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  • Who are E2BN?
    E2BN formed in 1999, as a regional broadband consortium and has since evolved to support schools across the UK and overseas. They are a not-for-profit organisation with a board of directors of local authority representatives. E2BN own and let the Everything ICT framework on a 4 year term. They will appear as the contracting authority on all our contracts.
  • Who are WCL UK?
    WCL UK won the framework for the third time and will be the custodians until 2023. The WCL UK company name will appear on all official documentation i.e. invoices, sub-contracts etc. Everything ICT is the brand and trading name of the framework.
  • Do I need to register to use the framework?
    If you are a customer then no. We designed the framework to be as easy and hassle free as possible for our customers. It's as simple as letting us know what you want, recieving a quote then sending us a PO. If you are a supplier then yes, there is an evaluation process to be awarded a place. We pride ourselves on having the best partners on the market. In order to maintain that boast, we have to do some due diligence.
  • Who will invoice us?
    Invoices will always come from WCL UK Ltd. We then pay the relevant supplier(s).
  • How can I be sure I'm getting best value via a Direct Award?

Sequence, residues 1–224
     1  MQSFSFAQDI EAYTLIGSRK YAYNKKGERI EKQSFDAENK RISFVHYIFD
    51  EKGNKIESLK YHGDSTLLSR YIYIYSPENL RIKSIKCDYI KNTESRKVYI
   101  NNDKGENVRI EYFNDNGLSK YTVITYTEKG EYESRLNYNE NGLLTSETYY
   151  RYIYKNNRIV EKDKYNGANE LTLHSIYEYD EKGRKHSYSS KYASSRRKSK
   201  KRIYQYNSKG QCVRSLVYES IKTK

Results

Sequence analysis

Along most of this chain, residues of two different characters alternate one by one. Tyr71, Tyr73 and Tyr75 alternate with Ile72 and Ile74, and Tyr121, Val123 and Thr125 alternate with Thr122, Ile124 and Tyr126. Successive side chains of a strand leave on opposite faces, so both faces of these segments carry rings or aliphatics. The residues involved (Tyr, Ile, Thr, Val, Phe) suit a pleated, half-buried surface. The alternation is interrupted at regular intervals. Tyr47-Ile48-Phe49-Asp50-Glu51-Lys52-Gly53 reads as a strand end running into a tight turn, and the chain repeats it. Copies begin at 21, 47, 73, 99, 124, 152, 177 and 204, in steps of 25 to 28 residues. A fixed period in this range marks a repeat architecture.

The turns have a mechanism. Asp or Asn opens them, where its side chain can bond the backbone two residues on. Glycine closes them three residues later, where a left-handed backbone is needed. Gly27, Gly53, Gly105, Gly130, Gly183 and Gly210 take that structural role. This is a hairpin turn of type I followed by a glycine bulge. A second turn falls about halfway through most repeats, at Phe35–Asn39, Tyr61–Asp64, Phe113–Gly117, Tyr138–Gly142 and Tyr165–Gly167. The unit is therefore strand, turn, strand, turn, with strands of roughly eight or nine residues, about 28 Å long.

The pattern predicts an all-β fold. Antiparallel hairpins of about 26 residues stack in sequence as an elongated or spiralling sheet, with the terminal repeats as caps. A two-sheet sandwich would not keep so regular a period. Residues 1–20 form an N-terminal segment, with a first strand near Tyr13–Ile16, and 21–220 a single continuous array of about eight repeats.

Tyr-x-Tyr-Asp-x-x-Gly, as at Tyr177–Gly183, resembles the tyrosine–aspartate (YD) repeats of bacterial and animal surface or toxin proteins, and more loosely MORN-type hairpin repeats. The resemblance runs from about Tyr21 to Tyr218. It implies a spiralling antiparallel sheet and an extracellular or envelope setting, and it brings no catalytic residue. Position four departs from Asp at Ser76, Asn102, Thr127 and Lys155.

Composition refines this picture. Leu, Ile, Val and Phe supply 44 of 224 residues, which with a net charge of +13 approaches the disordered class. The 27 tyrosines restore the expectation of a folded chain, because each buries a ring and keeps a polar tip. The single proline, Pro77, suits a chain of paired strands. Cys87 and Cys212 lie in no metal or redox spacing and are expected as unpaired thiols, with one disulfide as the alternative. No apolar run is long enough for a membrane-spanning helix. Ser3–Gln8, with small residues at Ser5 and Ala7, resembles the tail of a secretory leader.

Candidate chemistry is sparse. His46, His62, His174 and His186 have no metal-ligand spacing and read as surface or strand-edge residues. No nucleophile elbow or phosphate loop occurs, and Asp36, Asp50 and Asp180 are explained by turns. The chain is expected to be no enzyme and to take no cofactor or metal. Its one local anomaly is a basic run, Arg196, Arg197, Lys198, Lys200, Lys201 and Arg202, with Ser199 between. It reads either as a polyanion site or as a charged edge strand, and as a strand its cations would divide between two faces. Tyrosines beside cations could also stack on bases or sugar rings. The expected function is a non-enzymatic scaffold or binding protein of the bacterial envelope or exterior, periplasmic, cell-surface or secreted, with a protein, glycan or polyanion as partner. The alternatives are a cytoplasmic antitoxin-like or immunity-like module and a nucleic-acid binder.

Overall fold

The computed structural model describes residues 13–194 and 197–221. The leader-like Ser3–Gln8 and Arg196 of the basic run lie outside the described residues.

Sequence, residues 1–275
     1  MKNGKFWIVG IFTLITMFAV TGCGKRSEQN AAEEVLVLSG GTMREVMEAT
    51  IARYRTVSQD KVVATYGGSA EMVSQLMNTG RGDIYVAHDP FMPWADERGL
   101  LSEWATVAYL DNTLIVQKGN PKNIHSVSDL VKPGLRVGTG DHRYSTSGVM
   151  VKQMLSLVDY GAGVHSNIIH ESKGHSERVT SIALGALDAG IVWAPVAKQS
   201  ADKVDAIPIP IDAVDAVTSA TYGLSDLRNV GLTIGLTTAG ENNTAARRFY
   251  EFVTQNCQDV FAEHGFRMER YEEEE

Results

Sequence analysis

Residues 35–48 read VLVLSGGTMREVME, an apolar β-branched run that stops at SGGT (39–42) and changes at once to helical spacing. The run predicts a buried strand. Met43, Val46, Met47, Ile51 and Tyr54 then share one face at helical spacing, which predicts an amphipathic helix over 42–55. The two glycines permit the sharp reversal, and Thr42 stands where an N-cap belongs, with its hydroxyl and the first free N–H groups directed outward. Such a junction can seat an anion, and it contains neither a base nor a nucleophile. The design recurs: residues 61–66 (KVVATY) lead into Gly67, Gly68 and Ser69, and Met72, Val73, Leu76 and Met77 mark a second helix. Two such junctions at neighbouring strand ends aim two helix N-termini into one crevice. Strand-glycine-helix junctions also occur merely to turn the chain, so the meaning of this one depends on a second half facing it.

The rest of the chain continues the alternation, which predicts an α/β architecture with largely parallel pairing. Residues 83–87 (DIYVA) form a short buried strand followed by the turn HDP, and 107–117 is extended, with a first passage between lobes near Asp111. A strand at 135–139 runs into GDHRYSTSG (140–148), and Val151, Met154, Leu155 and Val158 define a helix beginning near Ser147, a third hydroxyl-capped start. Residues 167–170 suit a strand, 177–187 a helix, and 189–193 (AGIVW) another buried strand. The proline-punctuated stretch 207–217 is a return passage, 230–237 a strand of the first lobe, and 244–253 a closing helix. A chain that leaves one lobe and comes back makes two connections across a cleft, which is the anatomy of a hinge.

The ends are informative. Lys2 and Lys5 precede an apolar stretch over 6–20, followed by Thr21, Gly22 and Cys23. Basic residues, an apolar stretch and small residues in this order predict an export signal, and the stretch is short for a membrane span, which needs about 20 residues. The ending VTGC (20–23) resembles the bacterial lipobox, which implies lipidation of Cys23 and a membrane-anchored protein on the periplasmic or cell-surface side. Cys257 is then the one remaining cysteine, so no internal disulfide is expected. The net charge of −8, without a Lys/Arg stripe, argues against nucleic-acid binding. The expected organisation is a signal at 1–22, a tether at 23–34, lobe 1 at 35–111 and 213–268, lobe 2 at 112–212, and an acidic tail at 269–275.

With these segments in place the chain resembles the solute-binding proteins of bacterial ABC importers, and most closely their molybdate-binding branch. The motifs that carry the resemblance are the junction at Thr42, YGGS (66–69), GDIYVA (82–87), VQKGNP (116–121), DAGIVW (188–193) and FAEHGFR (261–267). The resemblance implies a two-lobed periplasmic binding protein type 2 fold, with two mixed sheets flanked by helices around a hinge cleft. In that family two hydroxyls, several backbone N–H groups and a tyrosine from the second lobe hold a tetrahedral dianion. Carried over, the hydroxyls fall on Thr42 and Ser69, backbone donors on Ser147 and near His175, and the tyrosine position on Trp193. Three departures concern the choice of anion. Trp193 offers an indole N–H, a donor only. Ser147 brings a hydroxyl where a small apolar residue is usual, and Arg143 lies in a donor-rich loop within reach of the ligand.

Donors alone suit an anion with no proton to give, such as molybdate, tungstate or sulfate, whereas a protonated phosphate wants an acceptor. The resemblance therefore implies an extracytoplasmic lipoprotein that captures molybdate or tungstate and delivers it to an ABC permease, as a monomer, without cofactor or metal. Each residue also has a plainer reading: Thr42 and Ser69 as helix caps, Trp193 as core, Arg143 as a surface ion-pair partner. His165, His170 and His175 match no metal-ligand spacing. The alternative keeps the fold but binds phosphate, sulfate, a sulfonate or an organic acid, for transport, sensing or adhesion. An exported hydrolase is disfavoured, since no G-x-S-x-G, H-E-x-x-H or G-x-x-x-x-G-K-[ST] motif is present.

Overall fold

This question comes up almost daily. The idea of a Direct Award is very attractive to most as it saves so much time, money and effort over running a tender. However, it’s a change from the traditional procurement methods so it’s understandable to want more info. When it comes to ensuring value for money on equipment (rather than services) the process negates the need for a tender and is as follows: Manufacturers are multi-national corporations who produce hundreds of thousands of units in factories around the world. They typically have what’s known as a ‘channel model’ where they sell in bulk to Distributors; Distributors sell to Resellers; and Resellers sell to individual customers. Distributors are typically ‘national’. They are wholesalers with one or more warehouses in a country. They buy thousands of units at a time and store them ready for sale to Resellers. Resellers are ‘local’ and sell direct to customers. They typically buy small numbers of units (anything from 1 to hundreds) from a Distributor when a customer places an order. Most Manufacturers and Distributors run what’s commonly known as a “Deal-Reg” scheme. Deal registration is when a Reseller says “I’ve got a customer who is interested in buying X units, mark that deal as mine”. This does two things. Firstly, the Reseller gets given the best price for those units. Secondly, it stops other resellers going to that customer and undercutting the price and undermining the sales process. Other resellers can express an interest in a deal, but won’t be given the best pricing for those units. If a customer says “I don’t want to buy from Reseller 1, I want to buy from Reseller 2 instead” they can of course do that, but at that point Reseller 2 has to effectively buy the units from Reseller 1. Because Reseller 2 needs to make a profit to survive, that additional margin is usually passed on to the customer. Everything ICT have been developing relationships with Manufacturers (e.g. Dell, Cisco, Lenovo) to try and ensure that Everything ICT customers can get access to that nationally best pricing. This has been very challenging as it cuts across the traditional Deal-Reg schemes, but the Manufacturers see a distinct advantage in being aligned to the framework so are prepared to enter into arrangements with us, which is great because we have better visibility on pricing and therefore value for money for customers. One of the challenges we often get from schools is “I can go onto Google and get it cheaper”. My answer to that is yes you can, but be aware of the following: You can usually buy one or two units, not the quantities you need There are numerous examples of schools buying what are known as “Grey Imports”. This is typically kit built and destined for another market (e.g. Asia) and comes without warranty, support or backup. If something goes wrong (e.g. kit gets stolen in transit; or doesn’t work when you try to connect it to your network – we have examples of both) then it’s your problem to sort. If you buy through Everything ICT and something goes wrong, it’s our problem. We’re your insurance policy. So with that background knowledge, I come back to the exam question about how do we ensure value for money for customers. There are a number of things that we can do with the key ones being: Soft internal benchmarking against resellers. We do thousands of orders each year so we can do quick internal comparisons against other deals to ensure best value. Testing a similar specification for a different manufacturer (e.g. comparing laptops from Dell against similar devices from HP or Fujitsu) to see if there are better deals on equipment that will do the job just as well.
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